A project grant awarded to Professor William Hope, from the University of Liverpool, has been used to create a bioreactor to predict the efficacy of antifungal therapies for Aspergillus infections, reducing the use of animals.
Principal Investigator: William Hope, Professor of Therapeutics and Infectious Diseases
Organisation: University of Liverpool
Award: £210,664, in 2007, over 24 months
Title: An in vitro model of the human alveolus to predict the efficacy of systemic antifungal therapy
Read more about Professor Hope's research
Atmospheric Aspergillus causes lung infections in immunocompromised patients
Fungal spores are present in the atmosphere and are normally not detrimental to health. They can, however, cause fatal infections in immunocompromised patients, such as those receiving organ transplants or with haematological cancers. Each year in the UK there are an estimated 4,000 cases of lung infection caused by the fungus Aspergillus fumigatus. Approximately half of these patients will die. Providing improved or new therapeutics is essential.
Determining the clinical severity of fungal infections
Clinical breakpoints are terms used to categorise microorganisms, including Aspergillus, as clinically susceptible, intermediate or resistant to antimicrobial agents. This information is used by clinicians to select appropriate therapeutics and doses for patients and is important in preventing drug resistance.
Breakpoints are determined using information on the pharmacokinetics (PK) and pharmacodynamics (PD) of the drug. This requires a model of infection which allows the efficacy of the drug to be assessed and the PK/PD relationship to be measured. Studies are typically performed in animals but the infection and response to drugs can differ from humans. This can make it challenging to establish safe and effective dose regimens for managing infection in patients because if a patient has drug levels below the clinical breakpoint they may not respond to treatment.
Large numbers of animals are used to establish the efficacious dose of antifungal drugs
Up to 2,000 mice are used to characterise the PK/PD relationship of each antifungal drug. For lung infections, in vitro models of the human alveolus have been developed but these are static and not suitable for PK/PD analysis of drugs. In 2007, Professor William Hope, University of Liverpool (previously University of Manchester), was awarded an NC3Rs grant to develop a dynamic in vitro model to study invasive pulmonary aspergillosis and to measure the PK/PD relationship of antifungal drugs.
A microfluidic in vitro lung model of Aspergillus infection
Professor Hope has designed and constructed a bioreactor to house a cellular bilayer consisting of human alveolar epithelial cells and pulmonary endothelial cells grown on a semipermeable, polyester membrane. The bilayer delineates an upper compartment (representative of the air space of the alveolus) and a media-filled lower compartment (representative of the pulmonary capillary) connected to a central reservoir (representing the blood).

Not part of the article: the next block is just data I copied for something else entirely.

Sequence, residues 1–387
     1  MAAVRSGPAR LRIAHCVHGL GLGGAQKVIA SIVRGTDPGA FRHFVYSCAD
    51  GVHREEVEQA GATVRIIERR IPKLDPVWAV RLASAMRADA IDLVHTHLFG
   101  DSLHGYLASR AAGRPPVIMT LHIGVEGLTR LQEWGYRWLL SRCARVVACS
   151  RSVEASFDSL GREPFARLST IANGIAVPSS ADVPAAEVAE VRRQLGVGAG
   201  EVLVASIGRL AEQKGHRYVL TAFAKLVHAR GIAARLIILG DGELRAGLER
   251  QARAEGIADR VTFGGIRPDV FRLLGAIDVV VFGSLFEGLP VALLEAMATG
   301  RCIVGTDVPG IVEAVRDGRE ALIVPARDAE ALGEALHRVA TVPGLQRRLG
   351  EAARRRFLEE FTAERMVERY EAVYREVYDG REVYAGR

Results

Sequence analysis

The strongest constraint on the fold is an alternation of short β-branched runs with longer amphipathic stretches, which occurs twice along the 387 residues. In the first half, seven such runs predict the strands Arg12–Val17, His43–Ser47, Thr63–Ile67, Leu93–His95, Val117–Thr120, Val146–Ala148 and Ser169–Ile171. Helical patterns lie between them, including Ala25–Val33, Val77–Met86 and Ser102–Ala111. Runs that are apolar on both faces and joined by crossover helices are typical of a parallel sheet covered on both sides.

Aspergillus spores are introduced into the alveolar compartment, where they germinate to form hyphae (the invasive forms of the fungus) which quickly invade the cellular bilayer. Fresh cell culture media is pumped into the reservoir while spent media is removed at the same rate. Antifungal drugs can be then injected into the circuit, mimicking systemic drug administration. By sampling the media it is possible to determine first order PK.
The model also incorporates the biomarker galactomannan for assessing PD. This biomarker is a component of the Aspergillus cell wall which is released during growth. Its presence in blood is used to diagnose invasive aspergillosis in patients. The bioreactor can be sampled repeatedly for galactomannan allowing the generation of a rich data set that if performed in vivo would require large numbers of animals and serial blood sampling.
Translation to benefit patients
Voriconazole is an antifungicide widely used as a first-line therapy for the treatment of invasive pulmonary aspergillosis. A detailed understanding of its PK/PD relationship has been difficult to establish in animals. Professor Hope has been able to use the new model to investigate the PK/PD relationship of voriconazole, establishing its clinical breakpoint. This was published in the scientific literature and on the website of the European Committee on Antimicrobial Susceptibility Testing, which is responsible for setting clinical breakpoints.
Professor Hope has secured additional funding from Astellas Pharma to use the model to define breakpoints for the novel antifungal compound, isavuconazole. The drug is now in Phase III clinical trials as a treatment against a range of medically important fungal pathogens. The model is also being used as part of collaborations with Canadian investigators, and for characterising novel antifungal compounds with the UK biotechnology company F2G. Its use could potentially be extended to other experimental contexts such as the immunopathology of infection.
There is one journal article describing the new model and one technical note arising from this award. Another five articles report the use of the model to evaluate different drugs and combination therapies.
This case study was published in a review of our research portfolio in November 2013.